Liquid Death’s horror film memeifies brand marketing
Leaning into well-worn horror tropes, it makes a case for purposeless advertising amid a brand landscape of sincerity. With a 45-minute run time, the tale of savagery and sustainability was unveiled on 11 July with its own Hollywood-style premiere and live-stream. From August it will be available to rent on streaming services including Amazon Prime, and superfans will also be able to buy Dead Till Death exclusive merchandise.
Expanding on its punk rock reputation in the marketing industry, the company is solidifying its status as a Meme Brand. Its comedic approach to advertising is part of a larger movement of pointless marketing, in which brands compete to stand for the least. Cleverly subverting an era of heightened brand purpose, its CEO Mike Cessario tells Adweek: ‘A concept this ridiculous almost has no business being taken this seriously.’
Brand campaigns are shedding their sober tone. As Gen Z apply their memeification of everything to their shopping behaviours, be prepared to satirise your brand in order to win their custom.
Period underwear gets an inclusive update
Brazil – To ensure period inclusivity for everyone who menstruates, absorbent underwear brand Pantys has launched its first transgender and non-binary collection of underwear. The Boxer line has been designed to bring greater visibility, comfort and functionality to the menstrual cycles of trans men and those who identify as non-binary.
In development for more than a year, the Boxer line aims to make the conversation about periods more inclusive while catering for the underserved needs of the trans+ and non-binary communities. ‘Today, the menstrual products available on the market are made for women and reinforce the communication designed for a female audience,’ explains Maria Eduarda Camargo, co-founder of Pantys. ‘But this is also a serious issue for men who menstruate.’
While we have previously noted the rise in trans-positive beauty and wellness campaigns, Pantys is taking this further by working with members of the trans community throughout the manufacturing process to develop the product – from material and design to colour and testing.
Brand communications should aim to include the experience of non-binary people in their messaging and new product lines should be developed to serve their needs and community.
Zara’s Store Mode drives clicks to bricks
UK – The fast fashion retailer has rolled out its Store Mode across all physical locations in the UK, enabling customers to browse items in a specific store to find out which garments are in stock.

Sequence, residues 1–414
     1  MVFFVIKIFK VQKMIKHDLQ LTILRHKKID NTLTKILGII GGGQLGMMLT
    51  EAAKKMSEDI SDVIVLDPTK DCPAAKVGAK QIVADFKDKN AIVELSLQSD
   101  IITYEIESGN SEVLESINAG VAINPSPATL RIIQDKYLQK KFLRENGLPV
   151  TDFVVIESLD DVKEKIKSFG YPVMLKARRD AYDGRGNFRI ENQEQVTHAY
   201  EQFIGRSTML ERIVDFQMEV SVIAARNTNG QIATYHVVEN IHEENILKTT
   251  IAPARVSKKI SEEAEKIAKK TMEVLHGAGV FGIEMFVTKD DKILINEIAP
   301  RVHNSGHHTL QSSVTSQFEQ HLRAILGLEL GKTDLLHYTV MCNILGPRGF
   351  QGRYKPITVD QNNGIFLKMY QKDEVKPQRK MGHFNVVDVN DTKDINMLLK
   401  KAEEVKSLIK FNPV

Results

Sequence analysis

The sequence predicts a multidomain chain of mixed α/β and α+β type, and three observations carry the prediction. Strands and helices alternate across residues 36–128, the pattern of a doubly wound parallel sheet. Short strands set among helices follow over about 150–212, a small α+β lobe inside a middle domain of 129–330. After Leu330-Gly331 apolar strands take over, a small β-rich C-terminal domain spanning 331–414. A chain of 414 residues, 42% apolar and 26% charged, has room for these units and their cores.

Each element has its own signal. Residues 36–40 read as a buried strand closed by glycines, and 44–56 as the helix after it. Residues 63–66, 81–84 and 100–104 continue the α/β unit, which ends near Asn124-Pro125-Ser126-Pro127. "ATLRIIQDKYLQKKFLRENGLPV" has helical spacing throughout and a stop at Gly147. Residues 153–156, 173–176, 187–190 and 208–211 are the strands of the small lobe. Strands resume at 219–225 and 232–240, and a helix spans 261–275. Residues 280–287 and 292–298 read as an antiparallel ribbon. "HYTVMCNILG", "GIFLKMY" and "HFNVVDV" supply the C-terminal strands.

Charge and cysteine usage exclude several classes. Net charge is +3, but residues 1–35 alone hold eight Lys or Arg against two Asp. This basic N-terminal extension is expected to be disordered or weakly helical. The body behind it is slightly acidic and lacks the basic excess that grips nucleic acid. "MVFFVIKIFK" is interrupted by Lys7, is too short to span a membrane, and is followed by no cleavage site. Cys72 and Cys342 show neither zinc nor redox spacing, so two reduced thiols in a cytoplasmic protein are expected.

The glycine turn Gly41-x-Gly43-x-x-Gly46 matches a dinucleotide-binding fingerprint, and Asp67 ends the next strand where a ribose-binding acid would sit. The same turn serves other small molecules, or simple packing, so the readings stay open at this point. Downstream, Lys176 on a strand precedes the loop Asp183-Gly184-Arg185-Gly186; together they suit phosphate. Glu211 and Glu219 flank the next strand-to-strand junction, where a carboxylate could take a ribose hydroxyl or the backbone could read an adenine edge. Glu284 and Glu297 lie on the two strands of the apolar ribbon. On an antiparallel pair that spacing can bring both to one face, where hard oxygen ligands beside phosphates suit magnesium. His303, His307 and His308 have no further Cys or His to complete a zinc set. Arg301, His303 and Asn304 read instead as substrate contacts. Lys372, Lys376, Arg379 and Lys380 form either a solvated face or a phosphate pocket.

Tailoring the online experience for shoppers, the feature will filter products and sizes available at their nearest store, as well as allowing them to buy clothes in advance for collection in 30 minutes, or book fitting rooms.
While the pilot programme was originally designed to help shoppers feel more at ease in stores during the pandemic, it is now becoming part of the retailer’s long-term strategy. ‘Our differentiation and strategic transformation towards a fully integrated, digital and sustainable model continues to bear results, supported by the commitment displayed by all the people who work at Inditex,’ says Pablo Isla, executive chairman of Zara’s parent company, Inditex.
In an age of Storefront Salvation, the combination of physical touchpoints and digital technology is future-proofing bricks-and-mortar spaces. As the latest addition to Zara’s omnichannel approach, its Store Mode functionality is not only designed to make shopping more convenient but also to give customers the ability to move through various stages of the path to purchase on their own terms.
Consider how physical stores could include services that complement online ordering, or how the functionality of search could be brought offline.
Stat: Sustainable Britons opt for eco-friendly phones
British consumers are scrutinising the environmental impact of their mobile phones, according to research commissioned by telecoms company O2.
The study found that more than half of eco-conscious Britons are more likely to choose a mobile phone that’s rated better for the environment. This share rises to 75% among 18–24-year-olds, revealing the opportunities for sustainable technology brands to target values-driven Generation Z.
But the environmental footprint of devices is largely unavailable to customers, leading 50% of people to say that they would be more likely to research the eco-friendliness of their next phone if there was a simple rating system. This led O2 to launch its new Eco-Rating scheme, which provides accurate data on the environmental impact of producing, using, transporting and disposing of new devices, showing the importance of giving customers transparent and consistent information. Read our microtrend on Interactive Eco-labels to discover more ways that brands across sectors can promote product longevity.
Although planned obsolescence is being phased out of the consumer technology sector, work is still to be done to give customers direct and straightforward information on the carbon footprint of their devices.